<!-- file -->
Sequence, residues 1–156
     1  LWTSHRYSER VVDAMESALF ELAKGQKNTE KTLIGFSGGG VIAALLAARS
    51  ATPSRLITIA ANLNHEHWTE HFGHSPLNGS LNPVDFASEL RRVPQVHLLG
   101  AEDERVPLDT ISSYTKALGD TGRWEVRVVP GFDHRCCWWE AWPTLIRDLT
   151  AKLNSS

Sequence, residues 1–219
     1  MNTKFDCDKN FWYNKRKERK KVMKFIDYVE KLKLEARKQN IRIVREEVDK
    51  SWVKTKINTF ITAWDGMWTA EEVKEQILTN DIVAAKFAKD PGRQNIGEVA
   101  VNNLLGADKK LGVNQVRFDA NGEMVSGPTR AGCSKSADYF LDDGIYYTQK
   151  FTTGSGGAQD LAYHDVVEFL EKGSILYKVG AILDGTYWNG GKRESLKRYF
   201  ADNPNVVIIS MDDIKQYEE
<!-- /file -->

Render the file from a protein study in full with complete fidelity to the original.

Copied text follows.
Sequence, residues 1–156
     1  LWTSHRYSER VVDAMESALF ELAKGQKNTE KTLIGFSGGG VIAALLAARS
    51  ATPSRLITIA ANLNHEHWTE HFGHSPLNGS LNPVDFASEL RRVPQVHLLG
   101  AEDERVPLDT ISSYTKALGD TGRWEVRVVP GFDHRCCWWE AWPTLIRDLT
   151  AKLNSS

Sequence, residues 1–219
     1  MNTKFDCDKN FWYNKRKERK KVMKFIDYVE KLKLEARKQN IRIVREEVDK
    51  SWVKTKINTF ITAWDGMWTA EEVKEQILTN DIVAAKFAKD PGRQNIGEVA
   101  VNNLLGADKK LGVNQVRFDA NGEMVSGPTR AGCSKSADYF LDDGIYYTQK
   151  FTTGSGGAQD LAYHDVVEFL EKGSILYKVG AILDGTYWNG GKRESLKRYF
   201  ADNPNVVIIS MDDIKQYEE